Once developers understand the basics of an API, they will likely leave the documentation as they work on their implementation. When they return, they come to answer a specific question. Usually, they’ll find the answer in an API reference—something that needs to be easy for them to find.
Clearbit documentation is easy to browse. Since it’s on a single page, a great feature of an API reference, it’s
Cmd+F-able. That is, you can search using your browser’s find functionality. Every section is detailed in the navigation on the left side, which expands as you scroll. The far right column of Clearbit’s API reference is dedicated to example requests and responses, organized by language. The snippets can be copied and pasted nearly as-is; you just need to insert your API key.
The best part about Clearbit’s API reference, is that it can be yours, too. Clearbit’s documentation viewer is based on the open source static documentation tool Slate, which you could use to build your own easily browsable documentation.
It is important for someone within your company to own your documentation, to ensure its accuracy, and make updates as information changes. That said, you should also solicit feedback from your community–the developers who use your API or tool. One of the best ways to make your commitment to the community clear is to treat your documentation like an open source project.
While I was at SendGrid, my colleague Brandon West open sourced their documentation for a number of reasons:
Good documentation allows feedback from readers so they can point out inconsistencies or typos and have them addressed quickly. Even better is providing a feedback loop where those readers can see that their issue has been noted and track progress and see how it fits into the rest of the work to be done. Better still is a place where readers can jump in and submit their own edits if they feel inclined.
There are now over 200 contributors to the docs repository, most from outside of the company. Plus, hundreds of issues have been tracked and fixed in the three years the repo has been open.
These results sound great, but they require work. For starters, it may take some engineering effort to extract your documentation from the rest of your codebase. But the real work is the ongoing care of the community: responding to questions, merging pull requests, and ensuring feedback gets to the right internal team.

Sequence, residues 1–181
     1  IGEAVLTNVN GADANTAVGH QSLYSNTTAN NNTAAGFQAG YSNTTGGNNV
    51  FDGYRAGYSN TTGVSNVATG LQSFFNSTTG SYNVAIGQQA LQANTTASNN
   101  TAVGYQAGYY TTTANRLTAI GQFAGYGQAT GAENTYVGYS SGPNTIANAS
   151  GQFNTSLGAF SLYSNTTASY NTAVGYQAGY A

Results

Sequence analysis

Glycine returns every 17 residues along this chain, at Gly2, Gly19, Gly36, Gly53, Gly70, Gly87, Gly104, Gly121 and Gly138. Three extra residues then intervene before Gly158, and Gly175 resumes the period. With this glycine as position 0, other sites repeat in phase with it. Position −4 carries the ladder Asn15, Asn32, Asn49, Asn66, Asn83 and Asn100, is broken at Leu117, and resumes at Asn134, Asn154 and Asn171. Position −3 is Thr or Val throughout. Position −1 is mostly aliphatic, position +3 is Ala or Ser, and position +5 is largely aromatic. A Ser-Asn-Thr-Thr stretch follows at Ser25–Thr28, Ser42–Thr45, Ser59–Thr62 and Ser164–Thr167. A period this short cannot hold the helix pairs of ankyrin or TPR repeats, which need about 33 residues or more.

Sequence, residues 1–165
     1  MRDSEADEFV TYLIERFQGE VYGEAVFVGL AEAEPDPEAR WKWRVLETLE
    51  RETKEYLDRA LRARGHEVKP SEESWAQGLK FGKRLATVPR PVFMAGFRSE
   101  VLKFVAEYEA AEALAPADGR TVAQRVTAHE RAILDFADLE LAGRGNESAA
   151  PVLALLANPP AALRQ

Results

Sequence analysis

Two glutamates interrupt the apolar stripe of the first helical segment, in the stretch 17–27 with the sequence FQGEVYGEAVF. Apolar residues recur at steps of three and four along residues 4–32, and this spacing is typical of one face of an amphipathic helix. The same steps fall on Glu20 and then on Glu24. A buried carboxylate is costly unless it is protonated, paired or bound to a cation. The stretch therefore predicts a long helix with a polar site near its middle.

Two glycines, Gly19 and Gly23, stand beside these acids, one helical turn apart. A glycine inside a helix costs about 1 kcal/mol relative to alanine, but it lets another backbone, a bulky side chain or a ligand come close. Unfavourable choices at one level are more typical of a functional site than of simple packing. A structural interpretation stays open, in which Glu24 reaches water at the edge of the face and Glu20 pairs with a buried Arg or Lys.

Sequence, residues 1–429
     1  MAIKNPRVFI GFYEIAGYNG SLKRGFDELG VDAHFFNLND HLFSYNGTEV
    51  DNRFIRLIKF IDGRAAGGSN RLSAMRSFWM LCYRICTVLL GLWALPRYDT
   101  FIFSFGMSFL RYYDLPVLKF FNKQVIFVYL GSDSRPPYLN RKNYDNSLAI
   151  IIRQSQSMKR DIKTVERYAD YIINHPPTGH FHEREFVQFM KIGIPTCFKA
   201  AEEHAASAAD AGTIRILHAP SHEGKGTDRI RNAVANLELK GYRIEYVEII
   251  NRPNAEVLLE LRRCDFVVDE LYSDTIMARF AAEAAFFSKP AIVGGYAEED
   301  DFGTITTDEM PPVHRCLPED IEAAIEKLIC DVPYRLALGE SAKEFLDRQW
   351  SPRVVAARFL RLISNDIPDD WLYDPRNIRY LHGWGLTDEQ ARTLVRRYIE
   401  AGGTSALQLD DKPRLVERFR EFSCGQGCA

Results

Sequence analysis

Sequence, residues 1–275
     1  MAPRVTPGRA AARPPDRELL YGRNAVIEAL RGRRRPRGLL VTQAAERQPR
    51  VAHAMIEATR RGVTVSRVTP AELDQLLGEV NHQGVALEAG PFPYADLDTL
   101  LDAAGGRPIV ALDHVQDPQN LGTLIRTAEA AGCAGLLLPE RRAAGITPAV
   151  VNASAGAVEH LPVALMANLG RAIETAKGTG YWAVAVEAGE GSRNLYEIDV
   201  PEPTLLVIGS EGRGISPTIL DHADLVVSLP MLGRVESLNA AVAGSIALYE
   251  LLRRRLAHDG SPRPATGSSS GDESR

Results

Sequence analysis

In my teenage years, I played basketball, but I was something of an academic player. I read books on how to practice and improve. One lesson that has stuck with me was the between-the-legs dribble. Once considered a showoff move, the author argued it was now a ball handling requirement. Interactive API explorers are the between-the-legs dribble of developer documentation.
Comic book company Marvel’s primary documentation is interactive. Once you have an API key, you can test calls by filling out request fields in a form and clicking the “Try It Out!” button. The response JSON will appear below your form as it returns the same data your application will receive.
The interactive docs are especially useful for the Marvel API, which requires a hash for live API calls. The Marvel documentation handles the hashing itself, which makes it easier for a developer to see the results before committing the API to code.
Building it doesn't have to be hard, either. There are a number of platforms for interactive documentation, including hosted solutions from Apiary and Readme, to help you make interactive examples for your own documentation
The base expectation of documentation is that it accurately describes what’s possible with an API or developer tool. Many of the examples in this post have helped developers get started, but there’s one more thing you should expect from great documentation: Inspiration. No part of your developer site can provide that as well as a great blog.
While we’re pretty big fans of our own developer blog (it’s the one you’re reading), we also read many others. In fact, we recently shared our 8 Resources for Keeping Up on APIs. One that stands out lately for its useful technical content is Auth0 blog. Since the entire company supports a technical product, this blog also includes the occasional company update, but most of the posts are laser focused on authentication and security topics.
What makes Auth0’s take on a developer blog special is that not everything is about their product. The entries understand that developers want to learn something new, so they share knowledge, not features. If a developer has learned a lot about JWT tokens, for example, from reading the blog, they’re bound to think of Auth0 when they need to implement the technology.
Creating perfect documentation is difficult, if not impossible. But you can absolutely make your documentation better. Some of these eight examples of great documentation will be a challenge to implement, but there are things you can do to begin today. Improve your getting started guide, organize your documentation by language, or teach one small lesson in a blog post.